Based on what a good one sees you then might want to have an area expert (structural, electrical, plumbing, roofer) further review serious problems that have been identified.

Even in states that try to regulate, the profession is very hot or miss.

    Bookmark   September 7, 2012 at 12:30PM
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FWIW, some info on "Holmes Inspection".

First and foremost, all HGTV shows are staged and therefore must be taken with a grain of salt.
Second, a "Holmes" inspection is not a true home inspection, as he has the luxury of being told of the problems the buyers are having post purchase, and the luxury of dismantling systems, opening walls, etc that is not possible when a home inspector is inspecting a home that his/her client does not yet own.
What seller is going to allow an invasive "Holmes" inspection of their home?

It is true that there are the good, the bad and the in between in terms of quality with home inspectors...as is the case with all professions.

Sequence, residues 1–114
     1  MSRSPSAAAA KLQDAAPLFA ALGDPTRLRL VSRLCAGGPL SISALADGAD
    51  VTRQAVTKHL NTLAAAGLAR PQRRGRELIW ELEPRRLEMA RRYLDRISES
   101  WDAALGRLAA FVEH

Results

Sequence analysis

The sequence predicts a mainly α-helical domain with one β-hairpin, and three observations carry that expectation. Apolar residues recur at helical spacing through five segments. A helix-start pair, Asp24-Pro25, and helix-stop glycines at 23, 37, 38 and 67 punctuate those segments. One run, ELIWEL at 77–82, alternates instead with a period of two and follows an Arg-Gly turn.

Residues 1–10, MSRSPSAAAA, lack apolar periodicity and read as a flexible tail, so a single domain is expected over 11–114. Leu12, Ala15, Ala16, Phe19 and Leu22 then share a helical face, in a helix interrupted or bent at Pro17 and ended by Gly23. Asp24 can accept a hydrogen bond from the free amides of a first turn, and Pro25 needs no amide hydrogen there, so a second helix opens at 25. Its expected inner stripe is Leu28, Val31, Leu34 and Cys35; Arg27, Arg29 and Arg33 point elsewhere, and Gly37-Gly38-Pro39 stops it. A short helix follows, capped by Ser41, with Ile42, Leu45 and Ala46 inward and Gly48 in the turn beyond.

IMO, buyers greatly increase their chance of getting a poor inspection if

1) They hire an inspector based upon the cheapest fee
2) If they wait until the last minute to hire and just go with the real estate agents recommendation without performing any due diligence
3) If they fall for the hype of an onsite or same day report (which benefits the inspector but screws over the buyer), ditto for a "written" report that is mostly boiler plate.
4) Fail to take some time to familiarize themselves with what is and is not included in a home inspection, either in accordance with state licensing and absent that, nationally accepted standards.
5) Fail to ask to see a sample report before they hire.
6) Fail to ask to review the pre-inspection agreement before they hire.

A home is THE biggest investment most people make...but time and again, all too many go for the bargain basement inspector using the "eeny, meany, miney mo" form of choosing who gets the job.